You might think a town that's entwined with a public university would turn sleepy when its 30,000 students go on break. That's not the case for the Iowa City/Coralville area. Its outdoor recreational opportunities and active music and literary scene make it a lively summer travel destination.

WHAT TO DO

Explore the ocean floor: Iowa's not often associated with the words "tropical" and "sea floor." But 375 million years ago, a shallow sea covered most of the state. Flooding at Coralville Lake in 1993 exposed the remains of an ancient coral reef in the limestone bedrock just south of the dam, and a flood in 2008 further widened the gorge, revealing brachiopods, crinoids and other fossils that are almost 200 million years older than dinosaurs.

Operated by the U.S. Army Corps of Engineers, the Coralville Lake and Devonian Fossil Gorge (2850 Prairie Du Chien Road NE.; 1-319-338-3543, ext. 6300; www. mvr.usace.army.mil/ncrodc) is about 8 miles north of Iowa City. Before exploring the gorge, stop at the visitors center east of the dam to pick up a map, view the interactive displays and watch a short movie. The center is open weekdays from 8 a.m. to 4 p.m. and on weekends from 10 a.m. to 5 p.m. (Note: Removing fossils is prohibited and subject to a $500 fine.) Other popular park activities include hiking, swimming, picnicking and fishing.

Meander in the museum: If you're still in fossil-hunting mode, seek out the Devonian coral reef diorama and fossil displays at the University of Iowa Museum of Natural History (10 Macbride Hall; 1-319-335-0480; www.uiowa.edu/~nathist) in downtown Iowa City. Established in 1858, the museum is the country's second oldest museum west of the Mississippi River. Admission is free; it's closed on Mondays and national holidays.

Soak up downtown culture: Three blocks west of the museum you'll find the bustling pedestrian mall, a fun place to shop, eat and people-watch. Sample offerings from a food cart, dine at a cafe or assemble a picnic with items from Bread Garden Market (225 S. Linn St.; 1-319-354-4246; www.bread gardenmarket.com), a combination deli, coffee bar and grocery store.

Local and regional music groups play concerts on the mall on Friday and Saturday evenings throughout the summer (www.downtown iowacity.com), and the mall hosts an annual jazz festival; this year it's June 29-July 2. Another great place to hear a concert is the 100-year-old restored Englert Theatre (221 E. Washington St., 1-319-688-2653, www.englert.org).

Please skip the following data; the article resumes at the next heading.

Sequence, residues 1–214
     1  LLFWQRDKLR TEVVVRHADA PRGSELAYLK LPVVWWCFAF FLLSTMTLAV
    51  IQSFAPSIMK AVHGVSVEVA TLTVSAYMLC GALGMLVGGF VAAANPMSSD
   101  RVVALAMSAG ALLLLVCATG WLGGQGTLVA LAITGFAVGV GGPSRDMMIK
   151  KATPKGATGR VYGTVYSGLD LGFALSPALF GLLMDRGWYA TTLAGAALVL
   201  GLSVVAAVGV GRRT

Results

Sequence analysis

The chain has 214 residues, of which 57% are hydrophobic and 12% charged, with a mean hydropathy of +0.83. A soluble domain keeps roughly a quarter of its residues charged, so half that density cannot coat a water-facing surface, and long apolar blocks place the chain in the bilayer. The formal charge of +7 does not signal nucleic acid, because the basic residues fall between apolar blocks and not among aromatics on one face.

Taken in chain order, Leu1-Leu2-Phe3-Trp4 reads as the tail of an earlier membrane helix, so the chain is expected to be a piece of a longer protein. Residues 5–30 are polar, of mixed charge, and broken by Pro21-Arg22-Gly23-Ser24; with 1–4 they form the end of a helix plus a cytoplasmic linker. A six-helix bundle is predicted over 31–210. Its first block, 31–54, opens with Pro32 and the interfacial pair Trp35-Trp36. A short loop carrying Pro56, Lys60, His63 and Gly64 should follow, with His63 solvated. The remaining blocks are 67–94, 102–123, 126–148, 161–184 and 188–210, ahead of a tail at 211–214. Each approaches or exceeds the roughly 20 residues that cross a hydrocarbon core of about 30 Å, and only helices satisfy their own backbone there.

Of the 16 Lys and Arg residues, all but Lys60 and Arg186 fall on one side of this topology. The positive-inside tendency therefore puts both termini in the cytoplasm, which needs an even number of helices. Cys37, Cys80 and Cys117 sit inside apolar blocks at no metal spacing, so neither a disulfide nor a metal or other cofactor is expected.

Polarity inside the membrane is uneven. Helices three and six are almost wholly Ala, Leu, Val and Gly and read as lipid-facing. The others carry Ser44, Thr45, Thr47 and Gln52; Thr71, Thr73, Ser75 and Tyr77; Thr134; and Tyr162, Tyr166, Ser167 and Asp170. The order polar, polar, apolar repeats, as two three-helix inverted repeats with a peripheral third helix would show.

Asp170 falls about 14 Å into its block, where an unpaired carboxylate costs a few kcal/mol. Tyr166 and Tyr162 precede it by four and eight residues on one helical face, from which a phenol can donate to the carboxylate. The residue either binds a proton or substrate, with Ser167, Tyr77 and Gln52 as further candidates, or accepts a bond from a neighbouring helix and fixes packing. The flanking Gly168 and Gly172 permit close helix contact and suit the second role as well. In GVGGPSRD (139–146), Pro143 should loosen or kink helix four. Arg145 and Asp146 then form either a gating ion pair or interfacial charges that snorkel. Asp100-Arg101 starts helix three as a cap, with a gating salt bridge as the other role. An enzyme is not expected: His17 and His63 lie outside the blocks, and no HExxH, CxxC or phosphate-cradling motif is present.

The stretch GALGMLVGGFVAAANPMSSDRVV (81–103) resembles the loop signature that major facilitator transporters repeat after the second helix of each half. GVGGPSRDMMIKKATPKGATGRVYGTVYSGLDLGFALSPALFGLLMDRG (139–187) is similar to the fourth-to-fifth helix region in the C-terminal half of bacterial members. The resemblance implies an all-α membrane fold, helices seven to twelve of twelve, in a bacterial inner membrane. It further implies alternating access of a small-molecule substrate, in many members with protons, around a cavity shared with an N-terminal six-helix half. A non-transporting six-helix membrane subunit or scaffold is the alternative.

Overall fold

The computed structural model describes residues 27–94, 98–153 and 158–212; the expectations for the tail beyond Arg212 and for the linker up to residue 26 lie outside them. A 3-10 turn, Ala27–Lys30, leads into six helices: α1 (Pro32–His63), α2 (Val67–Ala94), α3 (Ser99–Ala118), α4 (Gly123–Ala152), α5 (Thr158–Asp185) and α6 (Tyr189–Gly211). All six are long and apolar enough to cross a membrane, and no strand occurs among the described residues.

Literary-minded visitors can attend an author reading at Prairie Lights Bookstore (15 S. Dubuque St.; 1-319-337-2681; www.prairielights.com), or stroll along the Iowa Avenue Literary Walk (www.startribune.com/a1285), which celebrates works by 49 writers with ties to Iowa, including some who studied at the celebrated University of Iowa Writers' Workshop.

WHERE TO STAY

Coralville Lake has three campgrounds with just over 500 campsites; the Dam Complex is closest to the fossil gorge. Prices range from $12 for tent sites to $24 for full hookup sites (1-877-444-6777; www.startribune.com/a1286).

For proximity to the pedestrian mall, you can't beat the Sheraton Iowa City Hotel (210 S. Dubuque St.; 1-800-325-3535; www.sheratoniowacity.com), which completed an $11 million transformation in 2009. Another lodging option within walking distance of downtown is the Brown Street Inn, a B&B in a historic home stocked with books by Writers' Workshop authors (430 Brown St.; 1-319-338-0435; www.brown streetinn.com.

WHERE TO EAT

As might be expected of a university town, Iowa City has a wealth of establishments that cater to beer lovers, vegetarians and locavores, like Short's Burger and Shine (18 S. Clinton St.; 1-319-337-4678; www.shortsburgerandshine.com). Housed in a long, narrow space that was once a shoeshine business, the restaurant features 10 draft lines dedicated to Iowa breweries. Hamburgers are made from local Black Angus beef; if you're not into beef, try a homemade black bean burger or a chicken sandwich.

A few blocks north of the pedestrian mall, the Motley Cow Cafe features seasonal produce and local pork products (160 N. Linn St.; 1-319-688-9177; www.motleycowcafe.com); and Devotay Restaurant & Bar is known for handcrafted cocktails and its saffron paella with chicken, chorizo and shellfish (117 Linn St.; 1-319-354-1001; www.devotay.net).

IF YOU GO

Maps and a visitors' guide are available from the Iowa City/Coralville Area Convention & Visitors Bureau (1-800-283-6592; www.iowacitycoral ville.org). Arts events are listed at www.summerofthearts.org.

Joy Riggs is a Northfield-based freelance writer.